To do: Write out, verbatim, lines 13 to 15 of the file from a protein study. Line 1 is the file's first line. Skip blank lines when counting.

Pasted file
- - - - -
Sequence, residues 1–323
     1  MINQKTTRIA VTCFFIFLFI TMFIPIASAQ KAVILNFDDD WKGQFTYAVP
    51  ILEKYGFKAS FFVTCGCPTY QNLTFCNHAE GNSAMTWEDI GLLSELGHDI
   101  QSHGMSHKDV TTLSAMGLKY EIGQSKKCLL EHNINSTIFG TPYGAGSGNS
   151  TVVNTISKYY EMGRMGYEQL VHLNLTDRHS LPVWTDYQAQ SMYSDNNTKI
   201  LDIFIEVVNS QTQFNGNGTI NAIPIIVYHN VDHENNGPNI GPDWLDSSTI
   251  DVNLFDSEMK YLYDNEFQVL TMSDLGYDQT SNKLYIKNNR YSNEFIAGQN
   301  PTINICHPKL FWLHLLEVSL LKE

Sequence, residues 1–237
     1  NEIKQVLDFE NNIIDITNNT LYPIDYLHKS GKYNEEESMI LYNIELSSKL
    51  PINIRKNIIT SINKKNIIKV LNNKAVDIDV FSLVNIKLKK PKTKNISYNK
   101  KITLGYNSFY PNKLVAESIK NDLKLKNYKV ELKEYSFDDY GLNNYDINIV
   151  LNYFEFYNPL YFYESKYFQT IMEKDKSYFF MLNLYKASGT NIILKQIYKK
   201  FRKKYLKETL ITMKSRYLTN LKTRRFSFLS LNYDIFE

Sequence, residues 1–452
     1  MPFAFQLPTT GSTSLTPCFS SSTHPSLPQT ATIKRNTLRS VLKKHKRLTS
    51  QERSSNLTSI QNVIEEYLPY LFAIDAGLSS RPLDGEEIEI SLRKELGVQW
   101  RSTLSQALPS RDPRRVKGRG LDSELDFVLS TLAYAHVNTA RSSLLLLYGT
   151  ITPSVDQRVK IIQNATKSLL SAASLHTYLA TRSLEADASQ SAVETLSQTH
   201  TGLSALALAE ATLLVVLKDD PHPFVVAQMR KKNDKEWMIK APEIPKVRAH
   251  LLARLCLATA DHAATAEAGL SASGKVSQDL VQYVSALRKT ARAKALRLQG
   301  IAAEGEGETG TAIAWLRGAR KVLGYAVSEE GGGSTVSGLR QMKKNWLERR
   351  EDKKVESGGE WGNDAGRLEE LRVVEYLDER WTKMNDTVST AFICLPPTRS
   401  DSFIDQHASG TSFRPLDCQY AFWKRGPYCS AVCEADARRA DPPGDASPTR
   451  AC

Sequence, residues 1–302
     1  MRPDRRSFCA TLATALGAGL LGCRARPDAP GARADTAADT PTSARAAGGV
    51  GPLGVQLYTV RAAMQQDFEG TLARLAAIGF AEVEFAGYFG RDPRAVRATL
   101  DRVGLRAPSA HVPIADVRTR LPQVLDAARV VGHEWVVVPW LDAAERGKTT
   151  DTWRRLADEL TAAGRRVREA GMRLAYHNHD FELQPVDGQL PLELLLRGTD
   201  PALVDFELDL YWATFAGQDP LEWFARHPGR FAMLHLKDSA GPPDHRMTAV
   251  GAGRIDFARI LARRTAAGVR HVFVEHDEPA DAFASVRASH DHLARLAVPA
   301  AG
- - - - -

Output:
   151  LNYFEFYNPL YFYESKYFQT IMEKDKSYFF MLNLYKASGT NIILKQIYKK
   201  FRKKYLKETL ITMKSRYLTN LKTRRFSFLS LNYDIFE

Sequence, residues 1–452